It's not enough to *find* an anomaly . . .
. . . ya gotta keept it secret, too. Tim Harford, "Still Think You Can Beat the Market?"
A new research paper by David McLean and Jeffrey Pontiff explicitly examines the idea that academic research into anomalies is a self-denying endeavour. They find some evidence of spurious patterns: if a given dataset suggests an anomaly, including subsequent data tends to erode it. But what is really striking is that after an anomaly has been published, it quickly shrinks – although it does not disappear.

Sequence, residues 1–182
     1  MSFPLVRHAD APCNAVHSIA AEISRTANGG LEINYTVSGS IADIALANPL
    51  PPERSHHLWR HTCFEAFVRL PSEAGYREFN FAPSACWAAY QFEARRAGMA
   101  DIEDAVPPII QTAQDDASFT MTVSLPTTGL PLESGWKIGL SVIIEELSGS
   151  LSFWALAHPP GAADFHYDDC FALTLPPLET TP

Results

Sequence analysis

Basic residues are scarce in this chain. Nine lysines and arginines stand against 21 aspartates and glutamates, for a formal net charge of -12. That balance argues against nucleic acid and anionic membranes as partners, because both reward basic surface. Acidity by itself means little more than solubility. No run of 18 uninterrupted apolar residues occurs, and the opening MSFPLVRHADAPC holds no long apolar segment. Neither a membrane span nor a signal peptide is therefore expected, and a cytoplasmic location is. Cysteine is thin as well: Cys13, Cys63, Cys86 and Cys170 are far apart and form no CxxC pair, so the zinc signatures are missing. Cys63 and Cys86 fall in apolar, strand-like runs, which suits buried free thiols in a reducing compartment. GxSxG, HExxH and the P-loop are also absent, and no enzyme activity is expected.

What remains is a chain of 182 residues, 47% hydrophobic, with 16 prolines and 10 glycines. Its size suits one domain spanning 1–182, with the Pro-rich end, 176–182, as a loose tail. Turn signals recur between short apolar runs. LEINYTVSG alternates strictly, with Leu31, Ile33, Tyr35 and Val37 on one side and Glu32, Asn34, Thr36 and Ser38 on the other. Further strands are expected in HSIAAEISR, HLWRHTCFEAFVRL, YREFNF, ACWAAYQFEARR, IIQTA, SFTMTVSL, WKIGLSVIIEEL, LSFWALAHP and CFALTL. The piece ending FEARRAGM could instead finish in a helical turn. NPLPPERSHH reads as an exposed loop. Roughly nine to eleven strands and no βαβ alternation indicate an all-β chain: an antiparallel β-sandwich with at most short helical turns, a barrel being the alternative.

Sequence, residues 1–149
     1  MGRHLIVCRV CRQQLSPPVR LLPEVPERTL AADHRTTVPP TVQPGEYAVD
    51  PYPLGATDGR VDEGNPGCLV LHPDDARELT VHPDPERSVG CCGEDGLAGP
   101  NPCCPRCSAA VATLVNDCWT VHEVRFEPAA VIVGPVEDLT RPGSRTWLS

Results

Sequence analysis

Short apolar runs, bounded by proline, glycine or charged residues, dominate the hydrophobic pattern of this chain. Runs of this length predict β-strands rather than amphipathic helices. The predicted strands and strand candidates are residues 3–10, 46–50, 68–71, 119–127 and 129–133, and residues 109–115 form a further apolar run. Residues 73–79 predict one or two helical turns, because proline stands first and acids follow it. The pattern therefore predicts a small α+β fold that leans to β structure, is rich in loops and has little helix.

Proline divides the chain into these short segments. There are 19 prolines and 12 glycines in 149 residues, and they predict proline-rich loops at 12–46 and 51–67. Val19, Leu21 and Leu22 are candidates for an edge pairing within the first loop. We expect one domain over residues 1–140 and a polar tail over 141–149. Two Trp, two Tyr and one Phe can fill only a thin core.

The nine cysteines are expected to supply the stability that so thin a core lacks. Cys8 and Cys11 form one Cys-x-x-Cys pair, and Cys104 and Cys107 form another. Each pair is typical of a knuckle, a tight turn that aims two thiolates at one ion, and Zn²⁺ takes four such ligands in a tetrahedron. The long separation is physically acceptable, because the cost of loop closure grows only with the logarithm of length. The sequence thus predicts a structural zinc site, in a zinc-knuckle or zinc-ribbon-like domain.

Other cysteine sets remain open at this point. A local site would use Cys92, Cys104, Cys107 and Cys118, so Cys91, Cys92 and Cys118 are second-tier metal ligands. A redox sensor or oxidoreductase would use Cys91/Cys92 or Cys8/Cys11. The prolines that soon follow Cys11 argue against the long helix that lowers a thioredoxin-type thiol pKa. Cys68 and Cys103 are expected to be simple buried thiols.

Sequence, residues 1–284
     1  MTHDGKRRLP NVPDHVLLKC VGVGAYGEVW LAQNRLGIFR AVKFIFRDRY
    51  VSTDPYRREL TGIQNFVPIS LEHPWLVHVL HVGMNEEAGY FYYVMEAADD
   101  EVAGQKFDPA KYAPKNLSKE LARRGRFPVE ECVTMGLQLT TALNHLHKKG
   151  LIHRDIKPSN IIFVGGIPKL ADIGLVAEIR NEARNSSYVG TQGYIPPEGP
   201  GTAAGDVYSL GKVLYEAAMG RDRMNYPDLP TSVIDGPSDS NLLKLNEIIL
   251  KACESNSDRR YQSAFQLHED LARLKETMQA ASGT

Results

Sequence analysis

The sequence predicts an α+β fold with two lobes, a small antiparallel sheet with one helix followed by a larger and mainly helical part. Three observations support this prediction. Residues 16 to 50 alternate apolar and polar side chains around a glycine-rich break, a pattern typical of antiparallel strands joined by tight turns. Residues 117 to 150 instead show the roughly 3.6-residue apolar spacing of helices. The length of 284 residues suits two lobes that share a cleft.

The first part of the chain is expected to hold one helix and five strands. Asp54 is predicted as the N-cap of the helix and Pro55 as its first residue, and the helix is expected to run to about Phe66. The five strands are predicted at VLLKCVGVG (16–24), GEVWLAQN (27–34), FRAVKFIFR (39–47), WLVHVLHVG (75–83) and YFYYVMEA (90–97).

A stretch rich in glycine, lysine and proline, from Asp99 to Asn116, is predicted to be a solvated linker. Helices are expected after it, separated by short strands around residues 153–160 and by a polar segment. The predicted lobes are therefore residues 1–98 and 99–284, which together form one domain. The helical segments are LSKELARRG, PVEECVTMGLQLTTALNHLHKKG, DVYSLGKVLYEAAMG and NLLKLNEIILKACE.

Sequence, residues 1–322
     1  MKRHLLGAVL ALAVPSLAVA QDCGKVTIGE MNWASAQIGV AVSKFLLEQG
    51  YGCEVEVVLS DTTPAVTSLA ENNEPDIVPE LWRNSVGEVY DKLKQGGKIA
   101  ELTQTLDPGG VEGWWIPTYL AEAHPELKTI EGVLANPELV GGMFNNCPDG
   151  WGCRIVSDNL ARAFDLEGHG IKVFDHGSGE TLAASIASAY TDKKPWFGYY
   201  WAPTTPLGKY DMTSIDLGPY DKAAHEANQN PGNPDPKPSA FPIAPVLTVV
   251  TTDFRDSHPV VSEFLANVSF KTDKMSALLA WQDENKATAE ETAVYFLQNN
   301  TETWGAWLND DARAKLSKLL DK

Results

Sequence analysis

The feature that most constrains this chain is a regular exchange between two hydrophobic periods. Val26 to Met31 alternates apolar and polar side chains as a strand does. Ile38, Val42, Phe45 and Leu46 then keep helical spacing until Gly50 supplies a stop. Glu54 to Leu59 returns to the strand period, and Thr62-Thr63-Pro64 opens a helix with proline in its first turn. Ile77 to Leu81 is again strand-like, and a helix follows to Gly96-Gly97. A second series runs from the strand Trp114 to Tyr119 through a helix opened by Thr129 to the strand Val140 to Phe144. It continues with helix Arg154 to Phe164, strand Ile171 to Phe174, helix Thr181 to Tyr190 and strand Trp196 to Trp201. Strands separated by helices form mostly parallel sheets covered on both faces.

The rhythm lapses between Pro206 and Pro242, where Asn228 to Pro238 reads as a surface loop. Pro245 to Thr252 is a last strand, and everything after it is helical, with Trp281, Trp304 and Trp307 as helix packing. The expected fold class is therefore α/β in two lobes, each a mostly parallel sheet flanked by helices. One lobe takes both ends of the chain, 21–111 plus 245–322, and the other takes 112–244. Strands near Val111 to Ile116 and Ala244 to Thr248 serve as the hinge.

The anomalies are most likely to persist when they apply to small, illiquid markets – as one might expect, because there it is harder to profit from the anomaly.